After a while we stumbled across the neighbouring Ohori park. It was beautiful with a large lake with several islands in the middle all connected by typical Japanese style bridges. We stopped for some drinks (and air-conditioning!) before exploring and marveled at the groups of runners using the park…how were they not dying?! The temperature by this stage was around the 35 degree mark, yet we lost count of runners and cyclists using the impressive facility. Sufficiently jealous, we left our air conditioned comfort. Shortly after that quite a surprise happened when we bumped into a friend of ours from Korea. It’s always crazy when you see someone you know in a different country!

We continued on down the road to Nishi park (it seemed like today was park day!) and found a temple complex to look through. Whilst not the best example of a temple, it was still beautiful and well worth some time walking around.


We grabbed some lunch from a 7/11 and sat down by the port for a relax. It’s amazing what dairies (convenience stores) sell in Japan…there is so much food that you can have for a meal! And I don’t mean pots of noodles…sushi, udon, bento boxes, amazingly good sandwiches…almost anything.

The rest of the afternoon was spent first looking for the yatai street, which was meant to house a lot of mobile food stalls selling the regions best ramen noodles. But it didn’t seem to exist, so we headed back to Tenjin for some more (cool) malls and air conditioning. Stumbling across huge anime department stores and Pachinko arcades was certainly a highlight. The noise and amount of games/gambling/cuteness in these places is almost overwhelming, not to mention the huge amount of anime merchandise at the anime stores!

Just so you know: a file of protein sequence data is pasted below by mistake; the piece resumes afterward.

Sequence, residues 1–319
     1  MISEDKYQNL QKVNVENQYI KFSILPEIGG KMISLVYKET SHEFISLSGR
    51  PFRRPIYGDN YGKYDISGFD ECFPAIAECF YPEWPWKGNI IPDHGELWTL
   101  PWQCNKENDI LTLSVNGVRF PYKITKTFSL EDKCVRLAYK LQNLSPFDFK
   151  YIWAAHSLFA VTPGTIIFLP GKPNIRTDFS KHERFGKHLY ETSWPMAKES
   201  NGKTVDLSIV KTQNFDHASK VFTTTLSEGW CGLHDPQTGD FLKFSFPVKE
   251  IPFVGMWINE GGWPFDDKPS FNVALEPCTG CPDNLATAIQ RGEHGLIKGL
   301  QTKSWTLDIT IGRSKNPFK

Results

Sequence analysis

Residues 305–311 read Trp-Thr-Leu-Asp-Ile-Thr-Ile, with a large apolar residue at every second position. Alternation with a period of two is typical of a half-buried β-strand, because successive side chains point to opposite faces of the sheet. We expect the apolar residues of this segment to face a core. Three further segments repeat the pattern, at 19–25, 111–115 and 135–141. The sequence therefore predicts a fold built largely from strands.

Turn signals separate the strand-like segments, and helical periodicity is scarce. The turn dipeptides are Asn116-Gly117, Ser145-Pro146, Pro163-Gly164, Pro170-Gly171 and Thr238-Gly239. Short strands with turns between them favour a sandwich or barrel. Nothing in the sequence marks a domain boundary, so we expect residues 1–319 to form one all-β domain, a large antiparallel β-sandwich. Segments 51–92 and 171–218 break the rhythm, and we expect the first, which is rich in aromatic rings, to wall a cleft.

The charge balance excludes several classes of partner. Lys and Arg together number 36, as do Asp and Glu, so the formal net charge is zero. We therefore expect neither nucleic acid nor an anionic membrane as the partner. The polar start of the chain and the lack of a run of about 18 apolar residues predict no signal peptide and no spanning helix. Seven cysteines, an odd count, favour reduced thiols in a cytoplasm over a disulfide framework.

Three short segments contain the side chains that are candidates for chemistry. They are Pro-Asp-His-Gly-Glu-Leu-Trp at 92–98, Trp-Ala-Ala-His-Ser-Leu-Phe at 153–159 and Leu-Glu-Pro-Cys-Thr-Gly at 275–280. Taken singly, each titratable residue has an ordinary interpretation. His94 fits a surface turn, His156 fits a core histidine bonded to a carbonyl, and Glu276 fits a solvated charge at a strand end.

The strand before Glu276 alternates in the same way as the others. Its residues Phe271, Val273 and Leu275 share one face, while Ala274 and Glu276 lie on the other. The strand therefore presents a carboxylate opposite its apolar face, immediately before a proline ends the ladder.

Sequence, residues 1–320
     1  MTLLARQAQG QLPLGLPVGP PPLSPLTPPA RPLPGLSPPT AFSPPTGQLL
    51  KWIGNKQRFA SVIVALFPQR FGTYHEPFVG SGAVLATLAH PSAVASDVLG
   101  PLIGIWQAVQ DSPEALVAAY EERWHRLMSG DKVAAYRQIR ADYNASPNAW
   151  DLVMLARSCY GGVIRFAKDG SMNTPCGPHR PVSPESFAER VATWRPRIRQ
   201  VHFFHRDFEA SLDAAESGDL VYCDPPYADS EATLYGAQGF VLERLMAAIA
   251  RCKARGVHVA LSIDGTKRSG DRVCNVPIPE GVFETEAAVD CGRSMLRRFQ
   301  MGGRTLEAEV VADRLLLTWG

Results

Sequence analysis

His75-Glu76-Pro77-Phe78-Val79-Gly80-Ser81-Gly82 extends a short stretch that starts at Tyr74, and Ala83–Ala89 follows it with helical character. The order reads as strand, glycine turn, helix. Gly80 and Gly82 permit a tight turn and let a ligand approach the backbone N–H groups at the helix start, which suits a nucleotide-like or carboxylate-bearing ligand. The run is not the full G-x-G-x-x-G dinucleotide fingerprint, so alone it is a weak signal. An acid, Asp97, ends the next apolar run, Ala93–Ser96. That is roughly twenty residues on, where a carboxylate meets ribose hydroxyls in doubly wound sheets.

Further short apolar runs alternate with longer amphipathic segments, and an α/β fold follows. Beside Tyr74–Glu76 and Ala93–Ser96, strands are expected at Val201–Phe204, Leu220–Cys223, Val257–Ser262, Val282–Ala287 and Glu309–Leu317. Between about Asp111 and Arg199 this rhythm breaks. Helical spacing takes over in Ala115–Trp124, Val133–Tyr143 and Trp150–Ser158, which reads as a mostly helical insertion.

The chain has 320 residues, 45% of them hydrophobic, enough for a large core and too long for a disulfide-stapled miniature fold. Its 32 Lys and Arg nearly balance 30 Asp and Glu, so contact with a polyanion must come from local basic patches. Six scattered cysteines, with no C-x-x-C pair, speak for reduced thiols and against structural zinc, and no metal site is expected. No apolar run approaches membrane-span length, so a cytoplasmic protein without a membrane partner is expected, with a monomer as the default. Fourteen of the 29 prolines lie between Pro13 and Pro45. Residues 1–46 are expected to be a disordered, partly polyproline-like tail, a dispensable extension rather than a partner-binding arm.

One stop on the way back to the hotel was via the ACROS building, which has terraced gardens on the outside of the building leading up to the roof. We climbed the 15 or so stories that were covered in trees and vegetation to enjoy the great views from the top. But after that exertion in 37 degree heat, a few hours dying at the hotel was needed.


Oddly enough, thinking back on Fukuoka, our time was mostly spent either in parks or shopping areas. And while this may sound somewhat 2 dimensional and boring, we absolutely loved it. As I have mentioned, we have moved to a very small town in Korea which is completely devoid of any shopping areas or, oddly enough, parks. So to spend time in these places and experience some city living is just what we needed to blow away the city-cobwebs created by small town living.

…unfortunately, my writing of this blog ceased after doing the draft of Fukuoka. In fact it wasn’t until I went in to update everything before our next big trip that I actually noticed that it was here! So I thought I might as well post it.

As for Nagasaki…it was a nice place. Smaller than we imagined, but with a lovely harbour area and some really nice western colonial type architecture. I do remember being frustrated in Nagasaki as, due to our holiday restrictions, it wasn’t until the last day that we felt like we were finally getting into the swing of travelling again! But here are some pictures that show stuff that our cameras pointed towards at that point in time.



 

Advertisements

Leave a Reply

Fill in your details below or click an icon to log in:

WordPress.com Logo

You are commenting using your WordPress.com account. Log Out /  Change )

Google+ photo

You are commenting using your Google+ account. Log Out /  Change )

Twitter picture

You are commenting using your Twitter account. Log Out /  Change )

Facebook photo

You are commenting using your Facebook account. Log Out /  Change )

Connecting to %s

Blog at WordPress.com.

Up ↑